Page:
Guest Author - Siobhain M Cullen
Yes, Anne Enright is at it again – publishing bold short stories,that is. In her newly published collection she 'takes the bull by the horns' and gets up close and personal with some gritty social concerns.
Neatly side-stepping the author’s challenges in ‘getting to grips with those sticky current issues that only the newly-successful writer has the confidence to brazen out’ - in this article we will walk through the relative calm of Anne Enright's motherhood story ‘Caravan.’
Scrubbing laundry is the opening shot here – putting the reader firmly at the centre of the theme of the short story – the drudgery side of motherhood, and the compensations of love,loss and letting go that accompany it.
Our heroine, the aptly-named Michelle, is on a so-called vacation in France ‘en-famille.’ Lucky for her, we may hiss - with one eye on our bank statements. But maybe not – after all, someone’s idea of a holiday for this tired mother is the pastime of packing other people’s stuff for two weeks, suffering the stress of booking reservations, worrying if the house is secured, choosing to leave said comfortable well-appointed home for the dubious delights of a matchbox-sized caravan with no privacy, labor-saving devices or secured garden to put the kids in. Add to that the delights of scanning a boring, flat, un-French landscape, dragging kids to beaches they hate, and to top it all - cooking. Surprise, surprise - 'Hey, it’s self-catering!' (For ‘self’ read ‘Mom!’)
So our poor Michelle is up to her ‘oxters’ in smelly, unwashed clothes, a steaming pile of which she has to hose down in the shower in the hope that somehow( if she drapes them over every curtain rail, handrail and chairback in the place) – they might drip dry despite the rain. They don’t. They just gradually encroach on the little space there is for a family of four in an exorbitantly-priced matchbox, gradually taking it over entirely.
Anne Enright deftly details the rainy claustrophobia.......
‘if he stooped to get a saucepan out from under the sink, their backslides would collide through the bathroom door.’
And of the kids......
‘messing about on the bunk bed........ the wall buckled where they kicked. If you could call it a wall. It was more like a piece of wallpaper gone hard.’
Also recorded - the proximity of the neighbours’ car door as it slams, inches away from the fridge.
This Irish author also captures the angst of many mothers – the desperate need for peace and space combined with the equally desperate fear of letting go of their beloved vulnerable children for a while in order to get it.
The compensations for these seemingly unremitting (and oh-so-familiar) strains also shine through. For example, a mother’s fulfilment in the bringing forth of those chubby endearing little creatures that need her so much, the solicitous care of their vulnerable little bodies and nurturing the safe space they call ‘home.’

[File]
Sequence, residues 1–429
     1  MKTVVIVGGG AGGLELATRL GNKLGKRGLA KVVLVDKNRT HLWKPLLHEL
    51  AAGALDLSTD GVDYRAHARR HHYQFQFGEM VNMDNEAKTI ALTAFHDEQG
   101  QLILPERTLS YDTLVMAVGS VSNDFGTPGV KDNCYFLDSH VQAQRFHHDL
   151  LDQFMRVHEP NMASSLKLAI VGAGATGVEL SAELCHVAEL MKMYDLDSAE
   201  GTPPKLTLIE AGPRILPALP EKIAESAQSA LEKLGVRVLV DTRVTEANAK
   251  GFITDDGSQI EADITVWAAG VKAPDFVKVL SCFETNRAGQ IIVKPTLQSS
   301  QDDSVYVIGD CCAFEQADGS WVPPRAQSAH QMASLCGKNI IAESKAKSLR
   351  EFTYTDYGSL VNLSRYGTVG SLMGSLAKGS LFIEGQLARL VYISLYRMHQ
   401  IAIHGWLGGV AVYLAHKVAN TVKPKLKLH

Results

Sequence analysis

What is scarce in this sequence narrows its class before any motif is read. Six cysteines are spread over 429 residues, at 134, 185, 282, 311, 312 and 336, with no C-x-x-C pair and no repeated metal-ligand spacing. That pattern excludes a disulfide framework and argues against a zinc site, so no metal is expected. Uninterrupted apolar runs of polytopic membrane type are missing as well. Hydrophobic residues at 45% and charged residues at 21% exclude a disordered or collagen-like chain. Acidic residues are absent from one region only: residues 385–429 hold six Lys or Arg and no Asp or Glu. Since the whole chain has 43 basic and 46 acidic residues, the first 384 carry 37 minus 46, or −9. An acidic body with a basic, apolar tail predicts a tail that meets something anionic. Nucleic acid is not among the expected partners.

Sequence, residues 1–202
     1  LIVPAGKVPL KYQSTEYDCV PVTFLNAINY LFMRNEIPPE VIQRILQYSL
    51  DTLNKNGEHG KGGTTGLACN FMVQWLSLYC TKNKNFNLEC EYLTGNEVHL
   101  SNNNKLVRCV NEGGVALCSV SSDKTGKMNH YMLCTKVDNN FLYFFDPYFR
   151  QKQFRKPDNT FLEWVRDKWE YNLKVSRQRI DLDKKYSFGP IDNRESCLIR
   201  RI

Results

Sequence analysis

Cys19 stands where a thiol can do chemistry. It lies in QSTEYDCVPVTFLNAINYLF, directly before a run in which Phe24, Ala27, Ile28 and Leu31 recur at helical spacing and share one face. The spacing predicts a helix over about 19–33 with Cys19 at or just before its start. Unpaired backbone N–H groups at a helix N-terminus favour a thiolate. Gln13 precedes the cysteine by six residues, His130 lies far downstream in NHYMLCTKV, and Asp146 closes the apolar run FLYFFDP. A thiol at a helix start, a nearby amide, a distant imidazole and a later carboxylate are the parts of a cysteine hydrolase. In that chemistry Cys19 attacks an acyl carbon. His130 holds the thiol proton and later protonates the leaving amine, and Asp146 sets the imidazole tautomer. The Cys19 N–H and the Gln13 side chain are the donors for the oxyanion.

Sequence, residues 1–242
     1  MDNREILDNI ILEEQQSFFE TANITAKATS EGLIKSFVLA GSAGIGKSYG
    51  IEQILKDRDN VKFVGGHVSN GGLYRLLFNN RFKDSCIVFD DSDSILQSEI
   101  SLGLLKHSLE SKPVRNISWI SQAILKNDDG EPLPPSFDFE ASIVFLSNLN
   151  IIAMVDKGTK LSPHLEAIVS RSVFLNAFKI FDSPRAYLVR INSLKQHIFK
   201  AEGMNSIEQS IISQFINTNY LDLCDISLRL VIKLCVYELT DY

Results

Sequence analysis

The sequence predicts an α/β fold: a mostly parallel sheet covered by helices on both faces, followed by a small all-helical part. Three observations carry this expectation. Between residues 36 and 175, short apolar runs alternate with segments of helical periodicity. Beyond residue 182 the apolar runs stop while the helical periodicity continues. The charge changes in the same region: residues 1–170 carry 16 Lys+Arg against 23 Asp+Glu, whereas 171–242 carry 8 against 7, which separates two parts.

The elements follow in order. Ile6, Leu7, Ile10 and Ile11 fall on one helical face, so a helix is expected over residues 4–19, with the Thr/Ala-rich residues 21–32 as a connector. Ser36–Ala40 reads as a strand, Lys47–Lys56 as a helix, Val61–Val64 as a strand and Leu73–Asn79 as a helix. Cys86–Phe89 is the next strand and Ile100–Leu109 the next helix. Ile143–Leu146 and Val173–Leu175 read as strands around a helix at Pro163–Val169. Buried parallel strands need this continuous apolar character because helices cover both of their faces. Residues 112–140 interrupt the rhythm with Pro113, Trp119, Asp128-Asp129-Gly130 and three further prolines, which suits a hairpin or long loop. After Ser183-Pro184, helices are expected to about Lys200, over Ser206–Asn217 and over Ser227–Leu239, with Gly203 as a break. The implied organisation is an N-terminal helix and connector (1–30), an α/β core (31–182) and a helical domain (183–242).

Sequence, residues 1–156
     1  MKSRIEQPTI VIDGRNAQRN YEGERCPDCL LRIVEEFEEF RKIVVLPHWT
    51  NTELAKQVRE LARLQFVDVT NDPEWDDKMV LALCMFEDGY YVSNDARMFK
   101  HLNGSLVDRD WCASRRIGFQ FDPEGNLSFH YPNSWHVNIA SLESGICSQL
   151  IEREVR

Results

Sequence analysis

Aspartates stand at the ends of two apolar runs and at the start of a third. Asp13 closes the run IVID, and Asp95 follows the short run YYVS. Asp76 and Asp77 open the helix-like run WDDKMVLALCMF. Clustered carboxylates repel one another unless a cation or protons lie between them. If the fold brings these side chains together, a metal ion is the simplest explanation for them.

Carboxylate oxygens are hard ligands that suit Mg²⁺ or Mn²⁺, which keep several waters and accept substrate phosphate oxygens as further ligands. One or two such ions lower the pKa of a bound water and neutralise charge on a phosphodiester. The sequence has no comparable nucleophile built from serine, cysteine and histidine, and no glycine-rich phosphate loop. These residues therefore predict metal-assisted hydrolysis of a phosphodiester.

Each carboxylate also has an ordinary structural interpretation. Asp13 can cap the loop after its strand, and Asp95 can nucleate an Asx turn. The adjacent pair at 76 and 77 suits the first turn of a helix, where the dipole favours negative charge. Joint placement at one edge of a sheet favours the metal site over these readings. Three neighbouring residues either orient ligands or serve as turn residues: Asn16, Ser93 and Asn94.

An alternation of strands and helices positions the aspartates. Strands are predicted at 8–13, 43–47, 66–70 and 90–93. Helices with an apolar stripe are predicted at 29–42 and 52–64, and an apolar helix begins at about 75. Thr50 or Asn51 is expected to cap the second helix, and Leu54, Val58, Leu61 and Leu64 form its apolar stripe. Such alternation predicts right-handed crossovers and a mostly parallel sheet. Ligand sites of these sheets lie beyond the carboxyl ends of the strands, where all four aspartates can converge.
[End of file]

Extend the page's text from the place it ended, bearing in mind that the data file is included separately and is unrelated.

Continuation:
But there are always the clothes - the wet, wet clothes dripping their sad and depressing way through the story. One minute they are ‘happily rotting’ damp, but unwashed, in the toy tub - space for which can only be found under the caravan shower. The next, they are being dragged, sopping wet, off the pelmets and chair backs and into the only patch of watery sunshine between rain showers – on someone else’s camping space! The recurring presence of the offending objects (which end up being taken home still steaming wet and smelly in the back of the car) feels like a constant reminder of the low self-esteem some women feel in their role as perfect mothers.
Michelle’s doubts are exacerbated by the presence of Mr and Mrs Nice and their ‘perfect girls’in the caravan next door. She reluctantly lets her own little ones out to play there. The last straw snaps when Michelle suffers that moment of agony that mothers feel when they realise they haven’t seen their pre-schooler for a while.
Starting to run, she arrives at the next door caravan only to see her little son’s feet sticking out, motionless, from under it. Every mom who ever lost sight of her toddler for even one minute will recognise that pang of sheer terror, wild helplessness and paralysis of those interminable seconds where she realises that her child exists somewhere else without her. Their darling could be anywhere and suddenly the world never seemed so big.
The feet move. ‘Of course they do.’ Michelle remonstrates with herself and in a hearteningly human touch, Anne Enright has her almost swear at her little boy as, high on relief, love and embarrassment, she tries to fish him out.
In trouble and he knows it, young Emmet has wriggled even further into the hazardous space under the caravan of Mr and Mrs Nice and is thereby ‘bringing shame on the family.’
Dishing out doses of discipline, this mother even compares herself to the ‘slap-happy’ sort of mom that decent people disapprove of in the street. On the way home, having cleaned the caravan so fast and so slavishly that she cannot remember whether she used the same cloth for toilet and kitchen, she asks her little ones what they liked best about the holiday which they have just announced was ‘the best ever.’ Touchingly and ironically, they reply ‘our little house!’
The overall impression of this mom is that she is need of a holiday! Oh, and I swear that woman stayed in France in the same caravan as me!
‘Taking Photos’ is recommended for readers who are broadminded about ripe language and sensitive current issues, enjoy truthful adept storytelling and a good laugh.